Current Controlled Trials ISRCTN80658312.
[Show abstract][Hide abstract] ABSTRACT: Background:
Pneumoperitoneum during laparoscopic surgery is known to affect visceral blood flow and result in oxidative stress. Whether epidural anesthesia will effectively reduce visceral ischemia and oxidative stress by blocking the sympathetic nervous system (SNS) during laparoscopic surgery has not been proven.
Forty-five patients who were to undergo robot-assisted laparoscopic prostatectomy were randomly assigned to the combined general-epidural anesthesia group (group GE, n = 22) or to the general anesthesia group (group G, n = 23). Blood pressure, heart rate, and the balance between sympathetic and parasympathetic nervous system activity as measured by heart rate variability were recorded at 10 min after induction of anesthesia (T1), 60 (T2) and 120 (T3) min after intra-abdominal CO(2) insufflation, and 10 min after returning the patient to the supine position following CO(2) exsufflation (T4). Arterial blood gas analysis and blood sampling for measurements of nitrite (NO(2-)) and malondialdehyde (MDA) were performed at all time points.
Intraoperative mean blood pressure was significantly lower in group GE compared with group G. The low-frequency to high-frequency ratio was significantly increased after induction of pneumoperitoneum in group G but was unchanged in group GE. Plasma levels of nitrite decreased after pneumoperitoneum induction in group G while there was no change in group GE. A significant increase in MDA levels was seen in group G after pneumoperitoneum induction and were higher than group GE at T3 and T4. The 24-h urine output was higher in group GE than in group G on POD 1. The 24-h CrCl was higher in group GE on POD 1 but was not different between groups on POD 2.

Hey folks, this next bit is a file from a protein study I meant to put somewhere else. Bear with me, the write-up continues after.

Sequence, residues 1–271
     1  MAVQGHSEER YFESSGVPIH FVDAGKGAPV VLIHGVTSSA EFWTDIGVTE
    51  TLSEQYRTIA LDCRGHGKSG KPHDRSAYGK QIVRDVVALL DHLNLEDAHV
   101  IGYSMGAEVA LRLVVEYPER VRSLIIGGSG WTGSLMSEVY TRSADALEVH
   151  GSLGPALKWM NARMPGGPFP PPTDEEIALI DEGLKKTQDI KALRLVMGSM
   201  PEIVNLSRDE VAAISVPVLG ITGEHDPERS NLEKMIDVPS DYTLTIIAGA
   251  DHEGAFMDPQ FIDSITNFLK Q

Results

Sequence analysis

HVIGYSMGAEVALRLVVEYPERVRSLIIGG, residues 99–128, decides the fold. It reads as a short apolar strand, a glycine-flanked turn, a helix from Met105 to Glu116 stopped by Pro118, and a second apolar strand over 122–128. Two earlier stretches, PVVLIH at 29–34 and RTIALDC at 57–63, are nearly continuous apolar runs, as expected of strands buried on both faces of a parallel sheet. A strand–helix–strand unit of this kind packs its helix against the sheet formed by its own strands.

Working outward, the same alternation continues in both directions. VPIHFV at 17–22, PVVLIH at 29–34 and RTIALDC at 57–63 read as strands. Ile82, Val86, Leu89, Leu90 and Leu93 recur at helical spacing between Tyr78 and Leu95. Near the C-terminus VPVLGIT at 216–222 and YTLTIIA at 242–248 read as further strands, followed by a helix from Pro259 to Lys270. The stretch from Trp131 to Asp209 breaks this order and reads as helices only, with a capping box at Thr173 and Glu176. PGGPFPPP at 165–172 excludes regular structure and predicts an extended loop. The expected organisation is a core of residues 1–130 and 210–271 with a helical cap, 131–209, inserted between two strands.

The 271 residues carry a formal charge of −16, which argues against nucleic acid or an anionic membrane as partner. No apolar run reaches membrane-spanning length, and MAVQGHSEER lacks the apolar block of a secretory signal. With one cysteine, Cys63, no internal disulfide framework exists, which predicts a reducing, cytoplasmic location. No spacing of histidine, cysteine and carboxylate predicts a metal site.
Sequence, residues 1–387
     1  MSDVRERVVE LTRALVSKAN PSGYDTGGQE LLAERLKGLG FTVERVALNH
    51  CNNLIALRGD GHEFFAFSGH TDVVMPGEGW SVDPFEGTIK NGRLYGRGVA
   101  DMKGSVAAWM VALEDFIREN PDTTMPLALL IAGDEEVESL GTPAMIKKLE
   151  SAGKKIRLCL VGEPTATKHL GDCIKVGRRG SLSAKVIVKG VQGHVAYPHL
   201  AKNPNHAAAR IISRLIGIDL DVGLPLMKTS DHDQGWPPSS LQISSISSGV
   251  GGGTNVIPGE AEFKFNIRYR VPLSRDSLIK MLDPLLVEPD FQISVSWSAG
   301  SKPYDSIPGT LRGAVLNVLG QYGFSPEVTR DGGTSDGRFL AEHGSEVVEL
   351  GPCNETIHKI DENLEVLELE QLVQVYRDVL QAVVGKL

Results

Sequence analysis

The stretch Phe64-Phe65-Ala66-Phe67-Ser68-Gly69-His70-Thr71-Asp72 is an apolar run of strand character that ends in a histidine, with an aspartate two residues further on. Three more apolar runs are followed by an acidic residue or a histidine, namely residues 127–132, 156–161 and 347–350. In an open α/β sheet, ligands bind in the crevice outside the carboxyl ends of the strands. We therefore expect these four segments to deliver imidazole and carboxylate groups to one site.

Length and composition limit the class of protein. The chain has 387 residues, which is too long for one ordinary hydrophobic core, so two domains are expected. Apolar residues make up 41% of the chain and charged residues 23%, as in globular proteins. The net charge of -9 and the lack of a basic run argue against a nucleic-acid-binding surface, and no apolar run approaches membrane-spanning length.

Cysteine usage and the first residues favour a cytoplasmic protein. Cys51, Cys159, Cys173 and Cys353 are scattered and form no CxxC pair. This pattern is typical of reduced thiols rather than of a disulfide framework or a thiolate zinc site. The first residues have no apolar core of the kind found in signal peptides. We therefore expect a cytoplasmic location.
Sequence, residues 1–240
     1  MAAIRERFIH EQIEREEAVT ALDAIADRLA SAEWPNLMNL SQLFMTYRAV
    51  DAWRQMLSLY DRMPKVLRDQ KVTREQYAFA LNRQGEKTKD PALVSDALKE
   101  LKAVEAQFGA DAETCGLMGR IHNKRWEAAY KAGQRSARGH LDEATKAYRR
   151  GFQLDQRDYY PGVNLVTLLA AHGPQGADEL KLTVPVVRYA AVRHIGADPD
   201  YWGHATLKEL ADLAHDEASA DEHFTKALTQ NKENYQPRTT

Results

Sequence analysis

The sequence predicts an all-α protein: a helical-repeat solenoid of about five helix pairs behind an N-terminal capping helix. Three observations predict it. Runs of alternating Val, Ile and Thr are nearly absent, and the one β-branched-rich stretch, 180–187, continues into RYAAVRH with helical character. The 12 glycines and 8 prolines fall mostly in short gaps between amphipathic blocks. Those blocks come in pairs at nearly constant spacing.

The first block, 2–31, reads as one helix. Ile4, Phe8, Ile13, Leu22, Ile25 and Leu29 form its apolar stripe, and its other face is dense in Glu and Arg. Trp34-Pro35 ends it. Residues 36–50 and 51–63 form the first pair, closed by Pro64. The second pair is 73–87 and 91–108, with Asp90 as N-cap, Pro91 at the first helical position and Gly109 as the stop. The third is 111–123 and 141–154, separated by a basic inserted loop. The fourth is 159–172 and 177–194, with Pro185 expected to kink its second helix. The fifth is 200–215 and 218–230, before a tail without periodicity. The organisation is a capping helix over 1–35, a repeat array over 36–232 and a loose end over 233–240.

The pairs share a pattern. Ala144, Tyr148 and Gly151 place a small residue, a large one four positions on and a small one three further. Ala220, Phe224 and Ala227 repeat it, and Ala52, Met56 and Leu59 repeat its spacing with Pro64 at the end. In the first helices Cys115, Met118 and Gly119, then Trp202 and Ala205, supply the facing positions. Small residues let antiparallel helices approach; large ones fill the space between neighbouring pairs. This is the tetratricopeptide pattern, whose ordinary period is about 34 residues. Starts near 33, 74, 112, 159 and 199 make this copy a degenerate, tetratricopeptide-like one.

Combined epidural and general anesthesia effectively blocks SNS stimulation during laparoscopic surgery and reduces NO inactivation and oxidative stress.
[Show abstract][Hide abstract] ABSTRACT: End stage renal disease is associated with a very high risk of premature cardiovascular death and morbidity. Early stage chronic kidney disease (CKD) is also associated with an increased frequency of cardiovascular events and is a common but poorly recognised and undertreated risk factor. Cardiovascular disease in CKD can be attributed to two distinct but overlapping pathological processes, namely atherosclerosis and arteriosclerosis. While the risk of athero-thrombotic events such as myocardial infarction is elevated, arteriosclerosis is the predominant pathophysiological process involving fibrosis and thickening of the medial arterial layer. This results in increased arterial stiffness causing left ventricular hypertrophy and fibrosis and the exposure of vulnerable vascular beds such as the brain and kidney to high pressure fluctuations causing small vessel disease. These pathophysiological features are manifest by a high risk of lethal arrhythmia, congestive heart failure, myocardial infarction and stroke. Recent work has highlighted the importance of aldosterone and disordered bone mineral metabolism.